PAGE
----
So...my gp said my tsh of .75 was normal (three weeks ago), and wouldn't do any more tests. I then went to an Endo, and they said they wouldn't either.
I have just about every symptom of hypothyrodism you can find on the web. Unbelievable. I even read about the cysts on the ovaries can be related (I had a hysterectomy for that...nothing cancerous), and the odd 1/2 eyebrows I have always had, excessive ear wax, OMG...it goes on and on.
I went ahead and ordered bloodtests, and here are the results:
TSH 1.4 (remember - this was .75 three weeks ago)
Free T3 - 2.4 (2.0 - 4.4)
T4, Free 1.26 (.82 - 1.77)
T3 Uptake 33 (24-39)
Free thryroxine Index 2.7 (1.2 - 4.9)
TPO 8 (0-34)
According to the Endo, with the low tsh, I should be hyperthyroid - so I would have thought those numbers above should be at the high-end range.
I also had them test Cortisol, since if you're releasing too much of that, you suppress the tsh.
Cortisol 13.4 (2.3 - 19.4) a.m. ranges
It all looks kind of right in the middle, but it makes me wonder if the tsh doubling in a few weeks time is being masked by the high cortisol levels causing the tsh suppression....
I also understand that some of the above can also be altered if I'm in a state of protein-loss, which I could be, since I am on a very strict Atkins diet. I can't afford NOT to do that anymore...even on that I'm maybe losing 1 pound a week - if I'm lucky.
What started all this is the fact that I've always, always had issues with very quick weight gain, and very slow loss. No one else in my family struggles like I do; albeit my mom and gma were always overweight. I quit smoking about 1.5 years ago, and had gained 48 pounds in one year. Then, 1/2 year ago I had achilles surgery, and put on another 16 pounds in 8 weeks, eating oatmeal and an apple, salad for lunch, chicken breast for supper...unbelievable! My doctor looks at me (as did the endo), like I'm probably eating a horse and lying about it. If they only knew....I swear to God I'm going to blow up if this doesn't stop. I'm also always tired.....down...figured it had everything to do with the weight, but the more I think about it the more I realize I haven't had a level of energy where I wanted to really do anything aggressive in sports for many, many years. Not until I saw a PT for the achilles did she suggest thyroid issues, and since researching, I'm dumfounded by the symptoms and how it all fits. I just can't find a doctor to HEAR me.
Your labs (and symptoms) definitely indicate hypothyroidism.
It seems that most people with thyroid disease have had to see at least 6 doctors before being Dx'd properly and/or medicated properly. I'm on #5.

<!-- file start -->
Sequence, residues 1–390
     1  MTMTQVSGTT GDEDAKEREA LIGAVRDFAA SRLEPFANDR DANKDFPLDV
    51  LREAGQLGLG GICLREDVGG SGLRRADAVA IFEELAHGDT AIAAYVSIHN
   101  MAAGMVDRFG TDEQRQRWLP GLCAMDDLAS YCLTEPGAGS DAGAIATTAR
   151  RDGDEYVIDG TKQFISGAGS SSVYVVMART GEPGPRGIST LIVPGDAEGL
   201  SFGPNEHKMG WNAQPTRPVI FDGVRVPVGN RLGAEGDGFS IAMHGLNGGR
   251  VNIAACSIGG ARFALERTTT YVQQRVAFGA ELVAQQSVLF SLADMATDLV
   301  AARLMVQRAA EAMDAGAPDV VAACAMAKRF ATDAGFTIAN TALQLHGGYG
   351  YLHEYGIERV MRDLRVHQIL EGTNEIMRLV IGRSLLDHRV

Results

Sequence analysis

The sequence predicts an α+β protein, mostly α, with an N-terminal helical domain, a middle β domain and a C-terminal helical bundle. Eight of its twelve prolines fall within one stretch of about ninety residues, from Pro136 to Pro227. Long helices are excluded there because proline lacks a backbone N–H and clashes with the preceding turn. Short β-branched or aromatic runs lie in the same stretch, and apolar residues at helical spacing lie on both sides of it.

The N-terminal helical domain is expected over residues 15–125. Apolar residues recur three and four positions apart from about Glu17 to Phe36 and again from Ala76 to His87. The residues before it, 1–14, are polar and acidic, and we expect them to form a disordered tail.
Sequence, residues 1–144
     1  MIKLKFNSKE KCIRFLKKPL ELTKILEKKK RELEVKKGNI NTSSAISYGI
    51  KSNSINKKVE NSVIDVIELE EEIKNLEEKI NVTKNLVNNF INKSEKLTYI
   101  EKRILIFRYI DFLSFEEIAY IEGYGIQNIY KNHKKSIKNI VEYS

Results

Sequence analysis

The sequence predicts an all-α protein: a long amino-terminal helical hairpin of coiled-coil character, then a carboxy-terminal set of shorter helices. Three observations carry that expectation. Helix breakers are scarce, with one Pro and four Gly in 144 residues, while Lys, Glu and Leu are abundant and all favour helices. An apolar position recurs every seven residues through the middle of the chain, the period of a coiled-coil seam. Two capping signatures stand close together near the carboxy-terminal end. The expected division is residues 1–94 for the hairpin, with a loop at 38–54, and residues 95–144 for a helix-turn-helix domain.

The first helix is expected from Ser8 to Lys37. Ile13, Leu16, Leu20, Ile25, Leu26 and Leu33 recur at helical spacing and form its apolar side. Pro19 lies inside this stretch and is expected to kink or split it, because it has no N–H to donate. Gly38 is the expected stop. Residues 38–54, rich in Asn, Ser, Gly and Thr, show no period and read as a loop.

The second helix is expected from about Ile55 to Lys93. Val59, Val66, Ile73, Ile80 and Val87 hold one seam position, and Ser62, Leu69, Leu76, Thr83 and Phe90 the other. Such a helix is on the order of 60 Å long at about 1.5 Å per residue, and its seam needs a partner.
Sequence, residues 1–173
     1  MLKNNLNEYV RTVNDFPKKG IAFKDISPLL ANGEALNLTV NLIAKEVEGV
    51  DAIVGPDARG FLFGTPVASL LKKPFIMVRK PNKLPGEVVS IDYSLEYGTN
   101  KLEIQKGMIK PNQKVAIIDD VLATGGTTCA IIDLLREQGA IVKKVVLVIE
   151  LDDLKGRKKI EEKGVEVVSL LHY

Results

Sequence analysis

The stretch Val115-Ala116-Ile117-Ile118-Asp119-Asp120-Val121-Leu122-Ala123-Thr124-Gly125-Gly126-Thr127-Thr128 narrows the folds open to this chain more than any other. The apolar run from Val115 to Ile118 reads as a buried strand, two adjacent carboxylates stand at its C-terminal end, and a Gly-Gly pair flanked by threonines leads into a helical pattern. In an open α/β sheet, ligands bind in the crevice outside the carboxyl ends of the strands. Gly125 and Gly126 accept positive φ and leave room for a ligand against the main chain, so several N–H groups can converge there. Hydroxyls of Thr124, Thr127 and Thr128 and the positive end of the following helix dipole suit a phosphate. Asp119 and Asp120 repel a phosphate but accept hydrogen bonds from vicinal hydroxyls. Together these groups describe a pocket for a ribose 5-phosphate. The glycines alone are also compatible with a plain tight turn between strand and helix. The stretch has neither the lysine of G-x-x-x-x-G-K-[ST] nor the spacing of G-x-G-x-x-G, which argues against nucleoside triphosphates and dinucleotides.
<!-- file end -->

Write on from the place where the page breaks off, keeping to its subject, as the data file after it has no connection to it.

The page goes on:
TSH is a pituitary hormone - your actual thyroid hormone levels (FreeT4 and FreeT3) are below mid-range. Any doctor worth his/her salt should recognize this and, again, coupled with your symptoms, put you on some levothyroxine.
Just so you know, most healthy people have TSH 1.0 or lower...and their FreeT4 and FreeT3 levels are towards the high end of the range.
You just might want to read "What Your Doctor May Not Tell You About Hypothyroidism" by endo Dr. Ken Blanchard. He tells you everything you need to know about hypothyroidism and how it's entirely possible to have "normal" (aka in-range) thyroid labs and be suffering with hypothyroidism.
I suggest you keep doctor shopping - and not necessarily for an endo. If you think about it, endos are in short supply and mostly treat the ever-increasing population of diabetics.
You can ask anyone/everyone you know (including your PT, dentist, other MD's, people at the hair salon) for a referral.
You could also call your pharmacist and ask for contact info for doctors that Rx Armour and/or Cytomel (these are both thyroid hormone replacement meds that "with-it" doctors Rx)
It's NOT in your mind - it's the thickheaded doctors' bullheadedness. Sorry you're going through this.
Dx'd Graves' June 2007..used ATD's, achieved remission Nov '09....went hypo Mar '10
Last edited by cd37; 03-07-2011 at 04:35 PM.
The Following User Says Thank You to cd37 For This Useful Post: jneva2late (03-07-2011)
You could ask the doctor for a therapeutic trial of thyroxine to see if it improved your symptoms (treat the symptoms not the blood tests). If they are not coming forward with any other reasons to your problems then as long as you are monitored to make sure you don't go hyperthyroid (and you watch yourself for these symptoms) then a trial sounds like a sensible option.
Thanks a bunch, CD37! I really appreciate it. I'm going to give my PT a call and ask where she goes. Also - I'm so new to this; isn't it odd that my doc tested three weeks ago and it was .75 ,and now it jumped to double - at 1.4? Does that say something?
Thanks for the ideas, Alexandra. I will ask my doc if he'd consider doing that. He's probably gonna be peeved that I went ahead and did independent blood tests..lol Oh well. I also have an appointment with a local specialist, he is a chiro by license, but is specializing in neurology and blood chemistry. He is trying some therapies for hypothyroidism, and I get to have two free visits to see what that's about. He uses oxygen therapy and other things (dont' know what all yet) to perk up the pituitary/adrenals to try and coax the thyroid - at least that's what his web site says..we'll see....He definitely knows the thyroid numbers - had a talk with him the other night, so if nothing else, if he thinks so - he might even be willing to call my doctor and ask about the trial too. He did state clearly to me that some people DO need the thyroid as well as his conjunctive therapies for ultimate recovery, so I don't think he'd be all against the thyroid replacement therapy either. I'll post back after I hear what he has to say...